So, when was the last time you felt perfectly at peace? Maybe you were on holiday, sitting on a beach with the family when you felt you were in a moment that you would have loved if it could have lasted for forever. 

If our stressful live is our Yin how to we find the balance of the Yang.  There are many ways to do this, meditation, exercise, yoga, getting out into nature, the important thing is that we do something that calms us.  Think of it like a scale with your stress on one side, and you need to balance this out by doing things that calm you down to balance the scale.  If we cannot get rid of the things that are causing us stress, then we need to find ways to get a balance between the stress and the calm. 

To know that you are managing to calm yourself down, you need to recognise the signs that you are stressed.   You need to be able to compare your body feeling relaxed and feeling stressed and under pressure.  We need to find a way to calm the stress response down, because it doesn’t help in our day to lives and it doesn’t help in stressful situations, unless you can see a tiger coming towards you of course.   When we have too much adrenaline coursing through our body we have no way of standing back and rationally accessing the situation, weighing up if we need to do something or if it would be better to leave well alone.  Our thinking, analytical brain has packed up and left for a holiday and all we can focus on is whether we should run or stay and fight.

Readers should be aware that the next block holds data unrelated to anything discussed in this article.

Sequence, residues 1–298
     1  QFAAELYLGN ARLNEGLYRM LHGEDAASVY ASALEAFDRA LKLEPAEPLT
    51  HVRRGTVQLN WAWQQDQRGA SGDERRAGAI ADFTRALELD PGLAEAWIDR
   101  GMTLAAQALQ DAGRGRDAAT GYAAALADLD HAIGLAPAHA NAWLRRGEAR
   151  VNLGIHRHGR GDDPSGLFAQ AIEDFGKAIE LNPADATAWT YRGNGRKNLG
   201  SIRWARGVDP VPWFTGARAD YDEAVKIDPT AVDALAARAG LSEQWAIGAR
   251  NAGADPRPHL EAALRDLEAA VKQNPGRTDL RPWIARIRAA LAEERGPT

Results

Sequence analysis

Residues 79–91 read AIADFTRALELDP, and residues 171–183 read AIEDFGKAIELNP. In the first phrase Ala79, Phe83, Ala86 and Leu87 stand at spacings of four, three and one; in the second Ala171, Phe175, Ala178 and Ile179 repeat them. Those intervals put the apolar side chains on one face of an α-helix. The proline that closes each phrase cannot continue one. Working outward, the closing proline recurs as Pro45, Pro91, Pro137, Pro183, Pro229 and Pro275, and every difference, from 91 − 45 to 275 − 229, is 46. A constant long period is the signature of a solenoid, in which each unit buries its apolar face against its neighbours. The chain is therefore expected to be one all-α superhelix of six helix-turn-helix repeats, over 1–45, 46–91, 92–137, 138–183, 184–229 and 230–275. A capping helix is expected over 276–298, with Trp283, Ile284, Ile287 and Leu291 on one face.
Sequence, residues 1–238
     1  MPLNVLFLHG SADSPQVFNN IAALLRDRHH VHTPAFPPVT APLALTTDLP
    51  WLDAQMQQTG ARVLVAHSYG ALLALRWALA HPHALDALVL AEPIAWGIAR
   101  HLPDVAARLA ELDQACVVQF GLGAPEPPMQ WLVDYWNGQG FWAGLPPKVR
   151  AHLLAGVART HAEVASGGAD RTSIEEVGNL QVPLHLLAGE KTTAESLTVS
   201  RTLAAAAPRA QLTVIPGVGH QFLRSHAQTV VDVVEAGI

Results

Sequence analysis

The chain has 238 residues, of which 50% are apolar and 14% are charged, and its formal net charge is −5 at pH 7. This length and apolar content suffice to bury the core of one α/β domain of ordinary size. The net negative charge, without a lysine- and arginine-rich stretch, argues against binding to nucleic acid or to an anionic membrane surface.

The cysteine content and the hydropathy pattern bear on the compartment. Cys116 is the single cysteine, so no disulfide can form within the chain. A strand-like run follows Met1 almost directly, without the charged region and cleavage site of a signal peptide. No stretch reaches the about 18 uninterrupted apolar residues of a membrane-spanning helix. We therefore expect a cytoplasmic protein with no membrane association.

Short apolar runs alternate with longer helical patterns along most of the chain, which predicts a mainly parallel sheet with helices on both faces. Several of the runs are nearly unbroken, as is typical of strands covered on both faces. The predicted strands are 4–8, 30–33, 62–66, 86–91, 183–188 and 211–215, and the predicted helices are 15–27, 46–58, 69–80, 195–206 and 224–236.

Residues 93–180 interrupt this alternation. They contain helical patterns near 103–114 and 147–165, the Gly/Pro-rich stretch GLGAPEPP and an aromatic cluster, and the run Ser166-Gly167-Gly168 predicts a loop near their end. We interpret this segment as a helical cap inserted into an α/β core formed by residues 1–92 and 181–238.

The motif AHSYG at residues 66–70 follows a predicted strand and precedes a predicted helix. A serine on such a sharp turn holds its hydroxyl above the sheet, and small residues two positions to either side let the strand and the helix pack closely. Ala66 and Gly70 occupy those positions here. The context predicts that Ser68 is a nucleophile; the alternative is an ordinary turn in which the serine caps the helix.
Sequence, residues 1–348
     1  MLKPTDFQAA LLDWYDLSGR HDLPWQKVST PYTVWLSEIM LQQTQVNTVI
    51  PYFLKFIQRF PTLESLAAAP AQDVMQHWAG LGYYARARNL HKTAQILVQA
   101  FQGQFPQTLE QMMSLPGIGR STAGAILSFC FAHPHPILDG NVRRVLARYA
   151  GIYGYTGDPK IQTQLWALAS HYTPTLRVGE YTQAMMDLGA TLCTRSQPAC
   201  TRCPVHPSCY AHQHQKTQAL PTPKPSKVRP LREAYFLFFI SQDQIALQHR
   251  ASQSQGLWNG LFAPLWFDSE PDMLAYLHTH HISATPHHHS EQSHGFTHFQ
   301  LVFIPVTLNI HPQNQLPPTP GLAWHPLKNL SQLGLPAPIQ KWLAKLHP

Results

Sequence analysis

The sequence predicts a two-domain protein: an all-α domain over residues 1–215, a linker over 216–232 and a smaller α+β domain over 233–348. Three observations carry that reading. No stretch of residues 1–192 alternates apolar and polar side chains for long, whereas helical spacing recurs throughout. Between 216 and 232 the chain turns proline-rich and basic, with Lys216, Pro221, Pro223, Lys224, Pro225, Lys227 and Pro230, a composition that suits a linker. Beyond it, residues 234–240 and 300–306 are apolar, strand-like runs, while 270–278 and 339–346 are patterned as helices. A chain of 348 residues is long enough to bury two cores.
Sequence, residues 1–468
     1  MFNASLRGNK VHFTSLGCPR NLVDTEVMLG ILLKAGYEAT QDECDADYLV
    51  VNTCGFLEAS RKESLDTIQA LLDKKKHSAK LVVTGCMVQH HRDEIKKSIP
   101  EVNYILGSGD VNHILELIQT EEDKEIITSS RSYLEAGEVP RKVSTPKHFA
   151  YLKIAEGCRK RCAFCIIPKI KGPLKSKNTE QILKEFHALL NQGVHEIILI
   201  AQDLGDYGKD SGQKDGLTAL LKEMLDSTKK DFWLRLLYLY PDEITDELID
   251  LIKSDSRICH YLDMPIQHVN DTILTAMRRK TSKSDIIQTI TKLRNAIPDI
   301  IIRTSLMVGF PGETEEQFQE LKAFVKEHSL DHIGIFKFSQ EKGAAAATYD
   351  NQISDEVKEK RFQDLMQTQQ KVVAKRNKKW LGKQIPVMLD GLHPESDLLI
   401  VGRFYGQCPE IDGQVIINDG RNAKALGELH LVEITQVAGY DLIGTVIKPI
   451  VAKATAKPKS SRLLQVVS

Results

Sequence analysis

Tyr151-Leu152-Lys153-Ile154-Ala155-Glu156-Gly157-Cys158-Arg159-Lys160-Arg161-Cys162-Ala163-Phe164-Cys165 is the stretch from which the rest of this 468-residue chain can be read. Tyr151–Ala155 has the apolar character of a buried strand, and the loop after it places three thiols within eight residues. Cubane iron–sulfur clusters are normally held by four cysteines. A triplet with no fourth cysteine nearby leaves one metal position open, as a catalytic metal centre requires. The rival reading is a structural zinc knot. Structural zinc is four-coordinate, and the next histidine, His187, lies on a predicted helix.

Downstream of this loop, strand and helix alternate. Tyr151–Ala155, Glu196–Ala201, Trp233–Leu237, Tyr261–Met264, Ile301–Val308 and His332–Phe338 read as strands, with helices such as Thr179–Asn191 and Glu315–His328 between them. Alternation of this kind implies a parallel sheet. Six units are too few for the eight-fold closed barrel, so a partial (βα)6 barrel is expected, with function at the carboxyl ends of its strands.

The other reason we need to calm ourselves down is that it has a negative effect on our immune system and the longer we live our lives under this negative pressure the more we lose our ability to fight illnesses and diseases. 

First thing we need to do in any stressful situation is to get control of our breathing.  When we are stressed our breathing becomes shallow, so one of the best ways to let your body know that everything is Ok and that there is no tiger lurking around the corner is to slow down our breathing, if our breathing is calm, then our mind will believe that everything must be ok. 

So, if you recognise that you are living in a stressful situation and would like to try a little breathing exercise then let’s try this little exercise.